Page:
Harris to oppose any of Trump's appeals court nominees
© Greg Nash

Sen. Kamala HarrisKamala Devi HarrisHarris slams DOJ decision not to charge police in Eric Garner's death Harris vows to 'put people over profit' in prescription drug plan The Hill's Morning Report - Presented by JUUL Labs - House to vote to condemn Trump tweet MORE (D-Calif.) said Thursday that she will oppose any of President TrumpDonald John TrumpEsper sidesteps question on whether he aligns more with Mattis or Trump Warren embraces Thiel label: 'Good' As tensions escalate, US must intensify pressure on Iran and the IAEA MORE's picks for the powerful appeals courts after the administration moved forward this week with nominees for the Ninth Circuit. 

"This Administration is packing the court that protected Dreamers from deportation and blocked the unconstitutional transgender military ban. We need nominees who will uphold equality and justice. Until a fair process is in place, I will oppose every nominee to an appellate court," Harris said in a tweet.  

Her decision comes after Trump revived a months-long feud by nominating three judicial picks to fill three of California's seats on the Ninth Circuit. 


The San Francisco-based court has been a long-running sore spot for conservatives, who argue it is too large and too liberal. It's also acted as a foil to some of Trump's most controversial policies, including ruling against his travel ban and an effort to cut off federal funding for so-called "sanctuary cities."

The administration said Wednesday night that it would nominate Daniel Collins, Kenneth Lee and Daniel Bress to the Ninth Circuit Court of Appeals. 

Harris, who is a 2020 presidential candidate and a member of the powerful Judiciary Committee, and Sen. Dianne FeinsteinDianne Emiel FeinsteinThe peculiar priorities of Adam Schiff Dem senators demand GOP judicial group discloses donors Senate Democrats skipping Pence's border trip MORE (D-Calif.), the Senate panel's top Democrat, said in a joint statement that they were "deeply disappointed." 

"We even identified candidates selected by the White House we could support to demonstrate our willingness to work cooperatively. Unfortunately, the White House is moving forward with three nominees to a circuit court who have no judicial experience. The White House’s decision to push these nominees fails to secure consensus on the circuit court," they said.

Democrats are unable to block Trump's court picks without help from Republicans after they nixed the 60-vote filibuster for most nominations in 2013. Republicans, in turn, got rid of the hurdle for Supreme Court picks in 2017.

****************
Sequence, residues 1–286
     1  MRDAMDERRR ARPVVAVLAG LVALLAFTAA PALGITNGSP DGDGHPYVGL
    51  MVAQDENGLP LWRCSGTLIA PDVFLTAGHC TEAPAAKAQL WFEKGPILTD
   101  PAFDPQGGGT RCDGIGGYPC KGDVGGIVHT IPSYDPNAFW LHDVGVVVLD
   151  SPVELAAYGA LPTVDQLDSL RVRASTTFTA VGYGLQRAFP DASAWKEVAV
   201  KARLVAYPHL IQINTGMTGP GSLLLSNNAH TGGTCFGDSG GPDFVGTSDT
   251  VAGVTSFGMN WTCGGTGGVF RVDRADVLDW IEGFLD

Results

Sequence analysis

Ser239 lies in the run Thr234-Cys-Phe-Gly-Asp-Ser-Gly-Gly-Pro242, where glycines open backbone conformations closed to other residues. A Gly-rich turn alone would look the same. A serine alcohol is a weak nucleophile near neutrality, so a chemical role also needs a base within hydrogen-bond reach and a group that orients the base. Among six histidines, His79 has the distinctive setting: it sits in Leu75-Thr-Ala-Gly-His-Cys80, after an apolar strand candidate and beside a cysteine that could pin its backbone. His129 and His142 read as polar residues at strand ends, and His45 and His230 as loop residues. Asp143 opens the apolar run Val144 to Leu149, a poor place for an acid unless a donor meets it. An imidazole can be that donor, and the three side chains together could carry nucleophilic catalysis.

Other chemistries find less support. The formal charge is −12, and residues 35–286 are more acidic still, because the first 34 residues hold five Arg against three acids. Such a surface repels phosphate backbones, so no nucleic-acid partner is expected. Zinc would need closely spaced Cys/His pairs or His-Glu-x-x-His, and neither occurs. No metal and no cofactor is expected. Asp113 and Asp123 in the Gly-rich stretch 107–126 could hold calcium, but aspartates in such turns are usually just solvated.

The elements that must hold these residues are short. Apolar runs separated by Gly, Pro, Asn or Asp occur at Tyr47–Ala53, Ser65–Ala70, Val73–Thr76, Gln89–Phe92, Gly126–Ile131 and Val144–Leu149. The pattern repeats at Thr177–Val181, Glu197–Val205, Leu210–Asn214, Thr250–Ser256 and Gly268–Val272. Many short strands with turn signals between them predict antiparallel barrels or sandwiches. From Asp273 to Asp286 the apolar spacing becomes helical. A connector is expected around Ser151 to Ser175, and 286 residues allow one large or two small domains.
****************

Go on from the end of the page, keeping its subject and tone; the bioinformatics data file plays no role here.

Republicans, under Sen. Chuck GrassleyCharles (Chuck) Ernest GrassleyThe peculiar priorities of Adam Schiff Advocates frustrated over pace of drug price reform Trump drug pricing setbacks put pressure on Congress MORE (R-Iowa), have also given nominations a vote even when a home-state senator refused to return a blue slip — a piece of paper that indicates whether or not they support a nominee. 

Newly minted Judiciary Committee Chairman Lindsey GrahamLindsey Olin GrahamWhy Trump's bigoted tropes won't work in 2020 The Memo: Toxic 2020 is unavoidable conclusion from Trump tweets GOP put on the back foot by Trump's race storm MORE (R-S.C.) said earlier this week that he had not yet made a decision if he will require blue slips for appeals court judges. But he indicated in a statement on Thursday that he supports the Ninth Circuit picks. 

"These are highly qualified nominees and I am hopeful they will receive wide bipartisan support,” Graham said in a statement. 

But, in their joint statement, Feinstein and Harris urged Graham to follow a standard set by Sen. Patrick LeahyPatrick Joseph LeahyDem senators demand GOP judicial group discloses donors Senate Democrats skipping Pence's border trip Democrats want investigation into cost, legality of Trump's July Fourth event MORE (D-Vt.), who required blue slips from home-state senators in order for a nomination to be taken up the by Judiciary Committee. 

“Chairman Graham has said he wants to protect senators’ role in the nominations process. Historically, the greatest protection for home-state senators has been the blue-slip tradition," they added.